Weather Myths and Realities: Heat Lightning

"Rayo de Zeus" by Christian Frausto Bernal, licensed through Creative Commons

The following post is an example of a completed “Weather Myths and Realities” blog post.

People often refer to late summer evening lightning storms as “just heat lightning.”  The impression is that there is no danger from this lightning.  They think that because there is no accompanying sound of thunder, the lightning is not actually striking the ground.  I have even heard this lightning explained as “just light in the clouds” not electric discharges.

The reality is, heat lightning does not exist.  “Heat” lightning is regular lightning which occurs too far away for the thunder to be heard.  Sound and light travel at different speeds, so the light can travel further, and the sound eventually dissipates to a point where it cannot be heard.  Since it’s so far away, there is rarely any direct danger from the lightning for those viewing it, but it does indicate that a storm is in the area and could move in quickly.  All lightning is electrical discharge within clouds or between the clouds and the ground.  Though the “heat” lightning does not pose much danger to the person calling it such, it is dangerous to those experiencing it within the sound of the thunder.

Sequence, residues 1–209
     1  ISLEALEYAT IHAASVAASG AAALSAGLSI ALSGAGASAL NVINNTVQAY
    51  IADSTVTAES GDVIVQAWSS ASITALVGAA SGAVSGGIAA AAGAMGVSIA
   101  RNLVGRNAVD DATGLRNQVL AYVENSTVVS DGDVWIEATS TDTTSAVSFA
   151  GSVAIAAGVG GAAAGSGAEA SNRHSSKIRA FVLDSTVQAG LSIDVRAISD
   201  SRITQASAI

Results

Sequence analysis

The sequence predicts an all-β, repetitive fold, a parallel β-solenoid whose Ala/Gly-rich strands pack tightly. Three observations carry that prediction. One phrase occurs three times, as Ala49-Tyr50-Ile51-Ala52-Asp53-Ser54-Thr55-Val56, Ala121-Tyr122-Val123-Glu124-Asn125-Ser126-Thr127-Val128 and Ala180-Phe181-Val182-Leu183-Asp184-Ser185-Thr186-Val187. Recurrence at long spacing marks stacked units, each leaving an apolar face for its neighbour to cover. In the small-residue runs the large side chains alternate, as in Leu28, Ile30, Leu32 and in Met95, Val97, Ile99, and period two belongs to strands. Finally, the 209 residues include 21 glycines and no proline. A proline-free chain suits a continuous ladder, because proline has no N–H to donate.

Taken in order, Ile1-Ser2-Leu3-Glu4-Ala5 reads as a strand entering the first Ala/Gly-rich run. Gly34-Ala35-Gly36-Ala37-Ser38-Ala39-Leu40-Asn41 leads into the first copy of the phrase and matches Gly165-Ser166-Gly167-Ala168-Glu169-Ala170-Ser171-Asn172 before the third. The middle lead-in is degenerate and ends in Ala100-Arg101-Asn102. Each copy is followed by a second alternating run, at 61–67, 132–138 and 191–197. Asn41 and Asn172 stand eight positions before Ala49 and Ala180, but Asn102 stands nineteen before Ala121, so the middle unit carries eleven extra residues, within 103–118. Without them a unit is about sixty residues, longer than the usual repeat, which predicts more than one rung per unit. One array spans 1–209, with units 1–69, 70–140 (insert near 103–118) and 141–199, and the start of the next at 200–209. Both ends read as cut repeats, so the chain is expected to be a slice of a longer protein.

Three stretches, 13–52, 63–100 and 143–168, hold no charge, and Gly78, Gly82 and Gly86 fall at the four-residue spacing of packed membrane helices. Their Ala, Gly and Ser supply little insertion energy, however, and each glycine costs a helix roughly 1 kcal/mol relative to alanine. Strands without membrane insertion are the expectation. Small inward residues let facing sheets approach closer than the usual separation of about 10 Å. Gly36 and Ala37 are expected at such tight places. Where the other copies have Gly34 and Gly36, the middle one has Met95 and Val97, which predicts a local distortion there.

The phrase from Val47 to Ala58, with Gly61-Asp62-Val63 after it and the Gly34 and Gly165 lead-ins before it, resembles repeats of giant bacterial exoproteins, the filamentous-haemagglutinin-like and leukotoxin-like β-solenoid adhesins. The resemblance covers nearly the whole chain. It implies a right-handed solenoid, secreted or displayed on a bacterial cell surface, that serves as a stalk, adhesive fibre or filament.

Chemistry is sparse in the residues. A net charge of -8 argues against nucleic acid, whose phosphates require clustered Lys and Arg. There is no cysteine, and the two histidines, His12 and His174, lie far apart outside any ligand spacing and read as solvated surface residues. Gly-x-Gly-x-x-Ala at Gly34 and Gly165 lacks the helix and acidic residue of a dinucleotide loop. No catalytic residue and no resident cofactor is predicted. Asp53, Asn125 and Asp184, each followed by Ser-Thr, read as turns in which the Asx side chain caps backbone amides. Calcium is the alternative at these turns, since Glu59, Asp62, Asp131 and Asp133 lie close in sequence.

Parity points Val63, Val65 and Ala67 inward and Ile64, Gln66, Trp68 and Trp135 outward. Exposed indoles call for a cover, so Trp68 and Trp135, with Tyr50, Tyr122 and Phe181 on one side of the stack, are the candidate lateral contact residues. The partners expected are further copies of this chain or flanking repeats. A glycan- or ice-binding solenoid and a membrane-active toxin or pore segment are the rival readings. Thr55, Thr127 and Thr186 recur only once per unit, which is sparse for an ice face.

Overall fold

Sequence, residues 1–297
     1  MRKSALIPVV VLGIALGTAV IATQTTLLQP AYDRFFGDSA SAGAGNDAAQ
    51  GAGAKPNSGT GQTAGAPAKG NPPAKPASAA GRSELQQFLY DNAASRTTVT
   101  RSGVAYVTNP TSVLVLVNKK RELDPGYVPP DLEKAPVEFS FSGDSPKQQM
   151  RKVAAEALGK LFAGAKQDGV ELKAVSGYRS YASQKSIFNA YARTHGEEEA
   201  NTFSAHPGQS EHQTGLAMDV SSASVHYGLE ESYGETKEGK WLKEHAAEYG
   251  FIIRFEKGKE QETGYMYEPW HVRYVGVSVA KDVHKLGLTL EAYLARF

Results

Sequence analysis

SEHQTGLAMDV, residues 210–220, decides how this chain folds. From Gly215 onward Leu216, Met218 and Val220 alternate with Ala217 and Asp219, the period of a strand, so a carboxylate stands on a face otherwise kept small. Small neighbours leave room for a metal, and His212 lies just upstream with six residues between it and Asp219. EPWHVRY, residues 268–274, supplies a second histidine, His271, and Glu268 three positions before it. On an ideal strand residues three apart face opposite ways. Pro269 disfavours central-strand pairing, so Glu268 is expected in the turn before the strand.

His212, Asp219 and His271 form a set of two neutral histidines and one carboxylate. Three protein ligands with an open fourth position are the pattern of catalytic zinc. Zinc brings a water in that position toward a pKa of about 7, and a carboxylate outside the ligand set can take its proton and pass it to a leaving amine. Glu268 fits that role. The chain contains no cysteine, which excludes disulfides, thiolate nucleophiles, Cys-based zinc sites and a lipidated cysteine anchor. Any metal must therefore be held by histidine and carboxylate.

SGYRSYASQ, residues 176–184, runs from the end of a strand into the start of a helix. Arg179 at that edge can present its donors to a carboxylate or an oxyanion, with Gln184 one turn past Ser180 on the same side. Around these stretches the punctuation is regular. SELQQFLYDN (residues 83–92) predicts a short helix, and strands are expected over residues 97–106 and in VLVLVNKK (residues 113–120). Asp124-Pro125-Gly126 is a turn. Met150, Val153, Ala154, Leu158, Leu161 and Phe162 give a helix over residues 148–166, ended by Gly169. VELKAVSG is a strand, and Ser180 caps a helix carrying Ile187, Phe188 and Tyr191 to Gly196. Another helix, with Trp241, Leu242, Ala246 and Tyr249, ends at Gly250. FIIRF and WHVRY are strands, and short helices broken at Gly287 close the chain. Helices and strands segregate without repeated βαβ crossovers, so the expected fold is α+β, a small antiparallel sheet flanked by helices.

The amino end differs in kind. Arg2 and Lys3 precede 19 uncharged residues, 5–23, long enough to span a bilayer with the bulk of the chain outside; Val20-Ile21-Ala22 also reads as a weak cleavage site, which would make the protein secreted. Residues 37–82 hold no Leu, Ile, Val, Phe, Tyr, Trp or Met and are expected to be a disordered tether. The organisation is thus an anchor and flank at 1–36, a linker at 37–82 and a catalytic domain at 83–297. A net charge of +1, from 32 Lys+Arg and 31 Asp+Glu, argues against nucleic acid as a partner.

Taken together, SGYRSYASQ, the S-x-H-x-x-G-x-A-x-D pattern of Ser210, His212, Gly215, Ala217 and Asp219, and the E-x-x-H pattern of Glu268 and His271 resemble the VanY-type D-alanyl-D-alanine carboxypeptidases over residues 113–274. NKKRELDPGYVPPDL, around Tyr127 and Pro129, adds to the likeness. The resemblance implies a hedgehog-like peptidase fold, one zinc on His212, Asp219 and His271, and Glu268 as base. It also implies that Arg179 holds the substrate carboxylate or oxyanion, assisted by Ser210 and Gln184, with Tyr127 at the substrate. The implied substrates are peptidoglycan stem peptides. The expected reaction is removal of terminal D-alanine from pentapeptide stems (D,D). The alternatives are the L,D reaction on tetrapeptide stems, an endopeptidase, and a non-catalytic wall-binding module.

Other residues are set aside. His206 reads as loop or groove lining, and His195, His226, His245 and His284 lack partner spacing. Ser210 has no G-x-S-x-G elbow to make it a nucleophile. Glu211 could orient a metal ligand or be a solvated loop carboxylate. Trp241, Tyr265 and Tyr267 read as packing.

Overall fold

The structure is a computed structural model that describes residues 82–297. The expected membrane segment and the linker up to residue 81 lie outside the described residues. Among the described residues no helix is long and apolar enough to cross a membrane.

Many people probably refer to heat lightning because they’ve never fully grasped the differences in the speed of sound and light.  Since it poses no immediate danger, they feel they can stay outside doing whatever activity they are participating in at the time.  Thunder and lightning are so closely related that people think they can’t have one without the other.  Therefore, if there is no thunder heard, the lightning must be something other than what we normally experience.


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